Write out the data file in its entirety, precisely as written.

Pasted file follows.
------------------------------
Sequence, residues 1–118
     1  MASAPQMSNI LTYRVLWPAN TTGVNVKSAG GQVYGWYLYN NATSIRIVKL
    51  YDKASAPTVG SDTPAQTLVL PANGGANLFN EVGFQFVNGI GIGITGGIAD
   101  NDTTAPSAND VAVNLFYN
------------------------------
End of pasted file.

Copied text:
Sequence, residues 1–118
     1  MASAPQMSNI LTYRVLWPAN TTGVNVKSAG GQVYGWYLYN NATSIRIVKL
    51  YDKASAPTVG SDTPAQTLVL PANGGANLFN EVGFQFVNGI GIGITGGIAD
   101  NDTTAPSAND VAVNLFYN